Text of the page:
FringeReview UK 2019
Caroline Tyler performs two large-scale Chopin works, the Polonaise Fantasie Op 61 and Ballade No. 4 Op 52, enveloping Ravel’s Jeux d’Eau and Fazil Say’s Black Earth.
We’ve seen Caroline Tyler in ensemble but here in a scorching programme she gave us a Chopin envelope loaded with exotica, as if the envelope wasn’t wild enough.
I’ve not seen Tyler perform solo and it was a revelation. Briefly Tyler from Hayward’s Heath is a virtuoso of extremes: an immense power with lucidity, a clarity and virtuosity to fuel a turbulent, controlled but tempi-pressing recital where some works are played just that bit quicker than I’ve heard before, yet suddenly breathe, like the first item in the right places.
Chopin’s Polonaise Fantasie Op 61 is his late post break-up pieces and differs from the other seven polonaises in being a hybrid unique to this piece. So the aristocratic crisp rhythms of the Polonaise are inflected with sudden rubati and eddies, sudden swirls and pulls way from the overarching beat. With the introductory chords, the opening two tied notes and the following two, a declaration of darkness, we’re pulled into an ever-increasing swirl of a memory. Not just Georges Sand and their now failed relationship, but the memory of those Polonaises – the last being the Heroic Op 53, a kind of lens on his own musical history. There’s a terrific climax and a resolute wintry coda.
Ravel’s Jeux d’Eau from 1901 kick-started French impressionist pianism, even though he and Debussy had written earlier pieces. It’s a five-minute liquid study in waterfall sounds, derived from Liszt’s Villa d’Este from 1876, but already in Ravel’s own pointillistic jewelled surface there’s a difference. Tyler uses a very different tonal palate though still with her unerring clear-headed terracing: there’s a lucid through-line and again stands of texture audible to this magically shifting piece.
Fazil Say’s Black Earth is fast becoming a 21st century favourite. Helen Burford amongst others has played it here. Say the Turkish all-round wunderkind was born 1970 and here celebrates a folk song about the black of earth of home not letting him down: a sad and angry consolation. It starts with plucking sounds from the soundboard, imitating the oud; moves in to the melting main theme which then accelerates in a syncopated frenzy before melting back in a mirror dissolve back to its first elements. It’s stunning, heartrending and wholly unforgettable. Tyler – only slightly prone to rush a couple of fences, in a piece new to her – refused to treat this piece safely. It’s an exhilarating performance in its passion and risk-taking. Tyler took a minute off the normal 6.30 time in the most scorched-earth reading I’ve ever heard, live or on a recording. No wonder this got an explosive ovation.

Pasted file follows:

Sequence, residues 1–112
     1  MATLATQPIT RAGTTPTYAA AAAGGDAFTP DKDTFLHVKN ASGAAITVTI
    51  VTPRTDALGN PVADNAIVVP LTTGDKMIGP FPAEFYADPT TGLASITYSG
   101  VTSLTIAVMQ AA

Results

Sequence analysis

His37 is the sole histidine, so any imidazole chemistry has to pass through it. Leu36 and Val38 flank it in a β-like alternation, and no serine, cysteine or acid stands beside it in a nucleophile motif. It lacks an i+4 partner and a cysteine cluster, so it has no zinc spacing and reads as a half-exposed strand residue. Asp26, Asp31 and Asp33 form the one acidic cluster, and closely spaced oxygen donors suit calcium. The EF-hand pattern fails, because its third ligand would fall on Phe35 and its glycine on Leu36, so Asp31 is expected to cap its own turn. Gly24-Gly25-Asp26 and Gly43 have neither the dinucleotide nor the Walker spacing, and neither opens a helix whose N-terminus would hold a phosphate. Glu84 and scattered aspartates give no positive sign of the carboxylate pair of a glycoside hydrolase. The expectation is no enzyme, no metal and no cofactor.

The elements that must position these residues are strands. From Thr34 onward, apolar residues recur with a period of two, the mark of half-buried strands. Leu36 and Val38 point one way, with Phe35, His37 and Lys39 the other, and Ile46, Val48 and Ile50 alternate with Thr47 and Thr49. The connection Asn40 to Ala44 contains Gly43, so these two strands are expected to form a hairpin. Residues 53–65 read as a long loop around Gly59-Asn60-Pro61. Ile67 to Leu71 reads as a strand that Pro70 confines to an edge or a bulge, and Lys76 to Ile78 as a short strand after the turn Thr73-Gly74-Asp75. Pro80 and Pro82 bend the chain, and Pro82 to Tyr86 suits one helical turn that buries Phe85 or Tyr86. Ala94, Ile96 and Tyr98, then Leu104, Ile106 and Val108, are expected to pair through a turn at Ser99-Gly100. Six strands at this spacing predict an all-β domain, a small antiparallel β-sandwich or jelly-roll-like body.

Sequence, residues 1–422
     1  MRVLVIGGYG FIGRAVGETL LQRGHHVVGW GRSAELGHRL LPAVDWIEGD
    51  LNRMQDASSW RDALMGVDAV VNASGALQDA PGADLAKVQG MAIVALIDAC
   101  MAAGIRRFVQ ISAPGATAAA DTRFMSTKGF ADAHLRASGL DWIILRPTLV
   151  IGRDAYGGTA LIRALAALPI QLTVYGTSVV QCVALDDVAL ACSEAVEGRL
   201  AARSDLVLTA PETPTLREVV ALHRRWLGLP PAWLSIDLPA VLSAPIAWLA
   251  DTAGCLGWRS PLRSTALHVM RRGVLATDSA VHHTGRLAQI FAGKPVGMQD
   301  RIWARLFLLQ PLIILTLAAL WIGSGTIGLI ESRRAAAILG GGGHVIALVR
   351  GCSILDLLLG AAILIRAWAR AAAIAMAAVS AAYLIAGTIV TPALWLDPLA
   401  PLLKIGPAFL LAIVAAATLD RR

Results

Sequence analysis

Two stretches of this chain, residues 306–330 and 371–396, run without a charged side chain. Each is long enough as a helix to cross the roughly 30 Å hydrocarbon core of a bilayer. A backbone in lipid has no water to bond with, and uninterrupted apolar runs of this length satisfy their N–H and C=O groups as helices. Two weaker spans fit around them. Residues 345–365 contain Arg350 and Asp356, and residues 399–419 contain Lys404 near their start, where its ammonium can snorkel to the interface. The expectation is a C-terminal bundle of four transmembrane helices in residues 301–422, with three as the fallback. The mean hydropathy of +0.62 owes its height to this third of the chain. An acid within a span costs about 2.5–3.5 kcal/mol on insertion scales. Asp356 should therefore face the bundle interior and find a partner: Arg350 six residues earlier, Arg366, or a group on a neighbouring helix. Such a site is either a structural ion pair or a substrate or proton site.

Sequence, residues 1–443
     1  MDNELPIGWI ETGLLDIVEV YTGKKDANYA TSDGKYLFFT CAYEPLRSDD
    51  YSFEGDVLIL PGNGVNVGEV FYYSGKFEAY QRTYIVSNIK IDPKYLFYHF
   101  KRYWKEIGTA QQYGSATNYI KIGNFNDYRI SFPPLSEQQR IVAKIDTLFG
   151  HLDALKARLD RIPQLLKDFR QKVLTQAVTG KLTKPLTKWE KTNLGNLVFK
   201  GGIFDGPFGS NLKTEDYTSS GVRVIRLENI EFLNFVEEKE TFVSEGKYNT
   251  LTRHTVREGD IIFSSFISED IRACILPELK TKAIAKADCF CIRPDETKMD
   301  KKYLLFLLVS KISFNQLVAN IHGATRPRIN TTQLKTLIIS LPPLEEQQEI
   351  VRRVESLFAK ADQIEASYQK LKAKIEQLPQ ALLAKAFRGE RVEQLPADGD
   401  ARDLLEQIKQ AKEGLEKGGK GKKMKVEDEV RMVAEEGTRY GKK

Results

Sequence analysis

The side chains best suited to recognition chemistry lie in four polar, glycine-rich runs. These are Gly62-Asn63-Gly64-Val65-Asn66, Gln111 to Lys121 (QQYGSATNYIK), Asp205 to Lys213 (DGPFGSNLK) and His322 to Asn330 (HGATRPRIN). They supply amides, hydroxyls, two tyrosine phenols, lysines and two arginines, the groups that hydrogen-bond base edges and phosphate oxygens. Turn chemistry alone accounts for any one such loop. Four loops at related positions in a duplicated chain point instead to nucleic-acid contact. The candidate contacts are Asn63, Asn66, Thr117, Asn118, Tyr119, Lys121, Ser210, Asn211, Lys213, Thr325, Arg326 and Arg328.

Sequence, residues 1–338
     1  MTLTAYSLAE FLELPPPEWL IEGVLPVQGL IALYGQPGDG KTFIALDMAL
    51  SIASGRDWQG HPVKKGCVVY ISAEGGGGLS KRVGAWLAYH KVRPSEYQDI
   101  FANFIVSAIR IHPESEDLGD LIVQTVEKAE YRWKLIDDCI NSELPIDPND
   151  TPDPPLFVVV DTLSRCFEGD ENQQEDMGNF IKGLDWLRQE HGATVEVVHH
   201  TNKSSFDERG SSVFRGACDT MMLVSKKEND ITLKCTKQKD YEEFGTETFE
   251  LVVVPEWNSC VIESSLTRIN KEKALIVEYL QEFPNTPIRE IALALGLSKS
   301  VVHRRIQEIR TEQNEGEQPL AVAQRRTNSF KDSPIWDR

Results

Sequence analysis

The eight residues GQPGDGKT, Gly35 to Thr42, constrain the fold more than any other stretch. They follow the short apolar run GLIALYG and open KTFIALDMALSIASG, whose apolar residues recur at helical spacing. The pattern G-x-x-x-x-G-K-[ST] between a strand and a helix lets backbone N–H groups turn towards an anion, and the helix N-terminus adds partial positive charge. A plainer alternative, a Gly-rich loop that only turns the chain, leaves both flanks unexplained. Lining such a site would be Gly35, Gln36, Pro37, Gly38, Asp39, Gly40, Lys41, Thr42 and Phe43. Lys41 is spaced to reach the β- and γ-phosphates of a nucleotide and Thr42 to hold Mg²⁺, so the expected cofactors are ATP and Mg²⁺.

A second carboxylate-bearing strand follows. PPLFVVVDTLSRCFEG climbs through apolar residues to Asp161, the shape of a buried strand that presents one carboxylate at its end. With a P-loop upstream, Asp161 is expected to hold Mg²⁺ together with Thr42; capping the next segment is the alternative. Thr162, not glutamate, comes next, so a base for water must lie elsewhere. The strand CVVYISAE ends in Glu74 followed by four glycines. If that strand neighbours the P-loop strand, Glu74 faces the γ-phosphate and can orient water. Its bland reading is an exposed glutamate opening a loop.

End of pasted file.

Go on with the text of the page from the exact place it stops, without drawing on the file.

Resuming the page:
Chopin’s Ballade No. 4 Op 52 starts with an Nocturne-like opening, gentle and almost fairy-like, a bit like the Ravel, but soon builds to a rhythmically rocking version of the seven-note theme building to a snowstorm imaged in the climactic, tragic resolve. At eleven minutes it’s only slightly shorter than the opening item, but we’ve moved through so much music in part descended from Chopin that we seem to hear him again and for the same time. Tyler’s storytelling was clear, with an extremely impressive clarity in the contrapuntal and even two-and-three-part Bachian elements in both the Chopin pieces.
A revelatory, stunning recital. Tyler’s scorching but lucid too. Far more able to let her works breathe than her velocity suggests, Tyler remains a highly-charged, passionately lucid pianist, with surely a career that’ll mirror that. Just watch.